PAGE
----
Tuesday, 8 November 2016: 5:30 PM
Pavilion Ballroom East (Hilton Portland )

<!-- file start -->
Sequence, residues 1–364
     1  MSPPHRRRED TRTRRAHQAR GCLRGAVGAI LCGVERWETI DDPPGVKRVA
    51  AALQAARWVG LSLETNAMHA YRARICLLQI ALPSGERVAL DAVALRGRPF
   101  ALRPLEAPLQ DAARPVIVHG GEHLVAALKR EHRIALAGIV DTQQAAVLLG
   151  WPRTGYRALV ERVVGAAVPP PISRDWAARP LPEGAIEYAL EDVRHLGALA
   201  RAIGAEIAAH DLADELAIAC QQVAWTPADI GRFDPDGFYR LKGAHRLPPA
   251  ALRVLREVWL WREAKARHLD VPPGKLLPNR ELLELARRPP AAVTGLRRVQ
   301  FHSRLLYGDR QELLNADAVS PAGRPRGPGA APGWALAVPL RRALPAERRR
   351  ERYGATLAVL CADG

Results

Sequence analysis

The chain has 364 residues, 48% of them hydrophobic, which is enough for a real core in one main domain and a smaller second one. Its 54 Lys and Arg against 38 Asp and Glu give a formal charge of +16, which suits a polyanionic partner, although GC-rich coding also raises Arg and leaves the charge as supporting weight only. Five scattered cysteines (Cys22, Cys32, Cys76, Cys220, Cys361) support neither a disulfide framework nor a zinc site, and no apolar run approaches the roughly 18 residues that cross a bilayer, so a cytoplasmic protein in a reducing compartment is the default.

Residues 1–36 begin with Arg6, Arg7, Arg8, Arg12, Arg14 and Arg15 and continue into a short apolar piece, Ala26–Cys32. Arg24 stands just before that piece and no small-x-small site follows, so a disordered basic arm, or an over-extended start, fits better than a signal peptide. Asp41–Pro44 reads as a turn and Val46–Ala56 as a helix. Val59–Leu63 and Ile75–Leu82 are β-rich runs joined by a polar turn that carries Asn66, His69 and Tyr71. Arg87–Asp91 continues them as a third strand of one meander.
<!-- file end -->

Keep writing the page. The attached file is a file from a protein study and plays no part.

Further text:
Hail has preferred formation and fallout regions in supercell storms, and can be inferred using polarimetric radar variables such as reflectivity at horizontal polarization (ZH) and differential reflectivity (ZDR). Signature areal extent of hail varies throughout the supercell life cycle and may also vary by environment, including the vertical wind and moisture profiles. The work presented here will include an analysis of a dataset with tornadic and non-tornadic supercells within 75 km of a polarimetric Weather Surveillance Radar-1988 Doppler (WSR-88D), where the storms are characterized by different environments. Spatial extent of polarimetrically-inferred hail distributions will be quantified and related to environmental factors. These factors include a subset which measure synoptic-scale variability and a subset related to the mesoscale environment such as vertical wind shear and moisture content in several layers, and hodograph shape. Findings will be related to expected hail distributions from prior observational and modeling work.
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